VICE-PRESIDENT Joseph Msika has dismissed reports that he will retire at the forthcoming Zanu PF congress scheduled for the first week of December.
In a new twist to the ruling party’s dramatic succession race, Msika said the reports were baseless because “it depends on what the people say”.
“I don’t elect myself, I’m elected by the people. I don’t put myself in there,” he said.
“Nxa umuntu engasafuni umsebenzi uyazikhulumela yena, kakhulunyelwa njengenkomo yo-mdaka (If someone no longer wants a job, he speaks for himself).”
There has been strong speculation that Msika could retire to pave way for Zanu PF chairman John Nkomo in the scramble to succeed President Robert Mugabe. Nkomo is widely seen as one of the candidates likely to move up in any changes at the apex of power.
Zanu PF spokesman Nathan Shamuyarira, who has dubbed the coming congress a “watershed”, suggested in April Nkomo and secretary for administration Emmerson Mnangagwa were frontrunners in the Mugabe succession race.
Shamuyarira also hinted that Mugabe could clarify his future at the congress. He said if Mugabe left immediately, Msika would automatically step in, whereas if he were to leave after an advance announcement, Nkomo or Mnangagwa could take over.
Nkomo defeated Mnangagwa for the position of national chairman at the 1999 congress. Mugabe, who claimed some of his lieutenants were hunting for lucky charms to enhance their chances, has said he will retire in 2008 when his current term of office expires. But most observers have said he is likely to go earlier.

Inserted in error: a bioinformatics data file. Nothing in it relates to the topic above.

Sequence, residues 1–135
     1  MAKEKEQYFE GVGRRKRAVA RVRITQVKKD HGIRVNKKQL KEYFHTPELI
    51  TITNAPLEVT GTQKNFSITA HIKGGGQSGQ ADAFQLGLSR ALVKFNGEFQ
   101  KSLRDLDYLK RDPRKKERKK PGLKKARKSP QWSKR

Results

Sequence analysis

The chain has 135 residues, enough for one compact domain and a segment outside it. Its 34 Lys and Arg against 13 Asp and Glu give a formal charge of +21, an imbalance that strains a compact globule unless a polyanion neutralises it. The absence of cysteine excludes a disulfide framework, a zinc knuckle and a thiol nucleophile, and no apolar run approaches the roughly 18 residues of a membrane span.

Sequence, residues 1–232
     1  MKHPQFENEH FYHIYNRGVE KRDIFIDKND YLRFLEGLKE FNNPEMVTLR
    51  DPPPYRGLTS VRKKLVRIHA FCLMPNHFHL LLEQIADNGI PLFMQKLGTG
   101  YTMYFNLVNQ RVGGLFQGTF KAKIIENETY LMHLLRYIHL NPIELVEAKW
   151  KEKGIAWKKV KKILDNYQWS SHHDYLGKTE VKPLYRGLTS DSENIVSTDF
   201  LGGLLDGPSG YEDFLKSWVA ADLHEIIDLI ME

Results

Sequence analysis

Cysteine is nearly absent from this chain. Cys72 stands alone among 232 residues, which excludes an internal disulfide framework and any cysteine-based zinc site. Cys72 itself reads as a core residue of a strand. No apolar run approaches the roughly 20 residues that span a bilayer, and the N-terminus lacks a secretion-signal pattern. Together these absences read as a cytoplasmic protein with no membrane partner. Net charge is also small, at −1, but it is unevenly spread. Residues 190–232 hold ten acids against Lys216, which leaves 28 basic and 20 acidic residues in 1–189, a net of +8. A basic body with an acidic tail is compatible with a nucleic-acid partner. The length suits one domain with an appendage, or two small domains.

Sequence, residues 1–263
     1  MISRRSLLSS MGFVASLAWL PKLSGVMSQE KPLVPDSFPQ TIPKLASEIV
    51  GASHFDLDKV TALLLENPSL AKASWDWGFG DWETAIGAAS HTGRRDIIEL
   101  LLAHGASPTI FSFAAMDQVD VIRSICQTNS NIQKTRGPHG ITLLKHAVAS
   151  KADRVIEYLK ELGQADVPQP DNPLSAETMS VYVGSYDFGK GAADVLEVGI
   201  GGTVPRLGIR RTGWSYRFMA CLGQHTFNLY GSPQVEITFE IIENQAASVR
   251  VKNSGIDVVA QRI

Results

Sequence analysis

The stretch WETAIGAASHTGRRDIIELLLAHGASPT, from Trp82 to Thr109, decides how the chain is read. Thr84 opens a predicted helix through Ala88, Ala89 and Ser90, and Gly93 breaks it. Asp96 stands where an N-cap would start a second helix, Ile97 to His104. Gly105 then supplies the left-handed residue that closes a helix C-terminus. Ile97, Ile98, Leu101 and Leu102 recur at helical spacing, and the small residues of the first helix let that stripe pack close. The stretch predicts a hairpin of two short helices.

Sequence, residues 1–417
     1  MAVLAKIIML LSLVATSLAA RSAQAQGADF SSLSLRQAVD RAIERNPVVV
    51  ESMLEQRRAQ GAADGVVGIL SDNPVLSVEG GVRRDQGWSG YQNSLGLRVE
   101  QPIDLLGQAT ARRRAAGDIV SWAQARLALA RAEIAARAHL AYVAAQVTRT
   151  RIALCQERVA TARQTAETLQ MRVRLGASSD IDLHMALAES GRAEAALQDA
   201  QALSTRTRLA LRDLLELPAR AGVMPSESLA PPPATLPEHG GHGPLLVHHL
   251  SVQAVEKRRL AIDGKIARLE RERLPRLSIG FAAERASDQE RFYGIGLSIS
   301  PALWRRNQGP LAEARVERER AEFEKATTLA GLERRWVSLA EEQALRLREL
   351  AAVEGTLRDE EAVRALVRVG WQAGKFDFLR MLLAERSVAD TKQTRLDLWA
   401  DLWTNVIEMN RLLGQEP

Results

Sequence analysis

Sources said the agenda for the Zanu PF congress has already been compiled and it includes the usual themes of land, the economy, corruption, international relations and elections. However, the meeting could be largely dominated by behind-the-scenes manoeuvres for power.
Meanwhile, Anti-Corruption minister Didymus Mutasa, also involved in the escalating succession battle, said yesterday he is still strongly in the running for the vacant post of Zanu PF vice-president despite current allegations of violence levelled against him.
Mutasa, also Makoni North MP, said he would contest for the position.
“I’m still very interested. I haven’t changed my mind at all. I want to run for the position,” Mutasa said.
“I believe people in my province will support me. I may not have the support of certain individuals but I have the support of the people who matter.”
Mutasa, the ruling party’s external affairs secretary, said his prospects of becoming vice-president would not be sabotaged by “false reports” of violence.
“People in Zanu PF are more mature than those elements with dirty hands planting stories about me in the Sunday Mail. The smear campaign against me will fail. After all, in politics any publicity is good publicity!”